Alzheimer's disease is the most common form of dementia — brain diseases that cause memory loss and other intellectual disabilities.
Specifically, Alzheimer’s disease affects memory, the ability to think logically, emotions, and behavior. Symptoms usually develop slowly, follow a specific pattern, and get worse over time. Eventually, the symptoms become so severe that they interfere with the most basic tasks of daily life.
You can learn the most common symptoms of Alzheimer’s disease here.
Alzheimer's Disease Occurs More Often in Older People, but Is Not a Normal Part of Aging
Although most people with Alzheimer's disease are at least 65 years old, as many as 5 percent of people living with the disease have early-onset Alzheimer's (also known as younger-onset). This can appear in people in their 40s or 50s. In fact, the disease may start in early adulthood. Researchers are seeking ways to track brain changes and blood markers associated with Alzheimer’s disease that appear many years before symptoms develop.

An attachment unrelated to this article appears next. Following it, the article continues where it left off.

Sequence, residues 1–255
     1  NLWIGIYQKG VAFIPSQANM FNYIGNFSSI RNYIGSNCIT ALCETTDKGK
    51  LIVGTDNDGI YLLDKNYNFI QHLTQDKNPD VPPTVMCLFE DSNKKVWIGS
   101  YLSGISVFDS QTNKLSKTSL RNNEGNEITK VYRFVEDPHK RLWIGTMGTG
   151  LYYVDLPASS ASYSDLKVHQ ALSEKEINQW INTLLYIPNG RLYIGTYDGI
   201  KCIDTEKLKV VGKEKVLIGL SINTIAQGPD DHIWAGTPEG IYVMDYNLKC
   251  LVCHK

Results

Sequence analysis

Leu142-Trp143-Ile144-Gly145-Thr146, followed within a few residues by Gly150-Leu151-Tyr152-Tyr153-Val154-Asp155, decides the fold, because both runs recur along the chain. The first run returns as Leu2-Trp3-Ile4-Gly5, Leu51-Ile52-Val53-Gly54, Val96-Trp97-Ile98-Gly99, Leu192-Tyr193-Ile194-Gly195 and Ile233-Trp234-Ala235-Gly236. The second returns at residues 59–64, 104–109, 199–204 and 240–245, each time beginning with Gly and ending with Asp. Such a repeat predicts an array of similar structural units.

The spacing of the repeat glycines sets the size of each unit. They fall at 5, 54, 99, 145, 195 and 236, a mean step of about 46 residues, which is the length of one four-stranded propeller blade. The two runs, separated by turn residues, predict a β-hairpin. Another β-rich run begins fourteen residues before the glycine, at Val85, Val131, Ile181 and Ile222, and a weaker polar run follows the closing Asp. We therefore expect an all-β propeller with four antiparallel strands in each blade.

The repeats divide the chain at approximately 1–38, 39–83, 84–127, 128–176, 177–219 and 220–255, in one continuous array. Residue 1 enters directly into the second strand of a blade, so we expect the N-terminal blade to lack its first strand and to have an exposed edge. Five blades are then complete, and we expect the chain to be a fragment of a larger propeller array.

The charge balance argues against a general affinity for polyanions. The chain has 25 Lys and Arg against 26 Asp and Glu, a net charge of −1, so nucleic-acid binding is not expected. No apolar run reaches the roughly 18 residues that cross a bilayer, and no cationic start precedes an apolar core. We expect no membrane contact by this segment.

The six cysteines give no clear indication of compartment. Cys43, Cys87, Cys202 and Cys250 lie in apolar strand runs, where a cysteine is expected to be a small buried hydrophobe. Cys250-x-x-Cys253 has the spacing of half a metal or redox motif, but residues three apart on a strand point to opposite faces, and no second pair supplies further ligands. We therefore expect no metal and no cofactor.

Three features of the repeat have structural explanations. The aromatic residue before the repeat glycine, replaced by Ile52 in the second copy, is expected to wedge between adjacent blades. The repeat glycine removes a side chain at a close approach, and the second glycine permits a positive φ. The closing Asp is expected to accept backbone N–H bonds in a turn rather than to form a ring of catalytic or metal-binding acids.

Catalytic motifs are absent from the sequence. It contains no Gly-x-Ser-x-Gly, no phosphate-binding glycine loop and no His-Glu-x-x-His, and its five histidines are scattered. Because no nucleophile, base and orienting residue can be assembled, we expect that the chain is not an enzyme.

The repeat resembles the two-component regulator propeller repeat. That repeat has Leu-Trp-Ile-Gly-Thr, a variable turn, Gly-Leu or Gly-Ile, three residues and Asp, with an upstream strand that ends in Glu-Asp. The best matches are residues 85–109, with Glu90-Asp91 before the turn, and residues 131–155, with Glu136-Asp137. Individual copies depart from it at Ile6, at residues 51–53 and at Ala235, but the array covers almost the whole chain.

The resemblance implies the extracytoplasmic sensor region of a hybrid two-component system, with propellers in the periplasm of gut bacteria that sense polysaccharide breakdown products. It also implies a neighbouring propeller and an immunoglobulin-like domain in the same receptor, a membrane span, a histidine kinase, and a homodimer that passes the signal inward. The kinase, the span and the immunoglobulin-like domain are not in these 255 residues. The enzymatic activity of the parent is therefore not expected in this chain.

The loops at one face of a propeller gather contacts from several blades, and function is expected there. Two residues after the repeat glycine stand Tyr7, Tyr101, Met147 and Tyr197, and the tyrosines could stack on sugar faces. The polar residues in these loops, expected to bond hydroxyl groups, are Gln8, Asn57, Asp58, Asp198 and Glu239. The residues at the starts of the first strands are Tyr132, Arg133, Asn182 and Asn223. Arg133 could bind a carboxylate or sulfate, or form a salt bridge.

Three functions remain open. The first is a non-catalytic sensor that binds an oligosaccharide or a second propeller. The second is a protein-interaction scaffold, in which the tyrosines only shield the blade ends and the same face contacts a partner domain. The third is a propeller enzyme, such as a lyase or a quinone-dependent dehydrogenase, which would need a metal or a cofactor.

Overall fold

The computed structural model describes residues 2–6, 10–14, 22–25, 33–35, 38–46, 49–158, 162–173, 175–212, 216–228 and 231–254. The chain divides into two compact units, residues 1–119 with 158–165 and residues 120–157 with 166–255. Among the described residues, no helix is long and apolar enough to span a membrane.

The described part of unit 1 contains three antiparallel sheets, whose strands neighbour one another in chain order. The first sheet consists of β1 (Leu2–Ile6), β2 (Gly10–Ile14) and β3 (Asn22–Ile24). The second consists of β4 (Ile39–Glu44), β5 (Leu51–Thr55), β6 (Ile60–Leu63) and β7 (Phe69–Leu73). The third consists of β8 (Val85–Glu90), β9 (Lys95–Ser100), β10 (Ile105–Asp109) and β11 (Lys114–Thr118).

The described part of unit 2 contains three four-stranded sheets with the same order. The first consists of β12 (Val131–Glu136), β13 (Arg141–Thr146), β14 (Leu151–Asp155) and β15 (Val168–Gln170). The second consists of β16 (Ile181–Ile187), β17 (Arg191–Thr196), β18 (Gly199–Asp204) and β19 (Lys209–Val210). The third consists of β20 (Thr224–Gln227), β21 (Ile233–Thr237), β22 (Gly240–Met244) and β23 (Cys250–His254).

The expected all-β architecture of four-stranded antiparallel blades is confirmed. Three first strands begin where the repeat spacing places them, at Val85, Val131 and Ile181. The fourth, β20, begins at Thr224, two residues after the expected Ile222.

Alzheimer's Disease Is Progressive and Currently Has No Cure
The progression of Alzheimer's disease cannot currently be stopped once it has begun. Treatments have been found, however, that temporarily slow its effects and improve the quality of life for people living with the disease. James L. West is part of the worldwide effort to help find better ways to treat Alzheimer’s disease, delay its onset, and prevent it from occurring.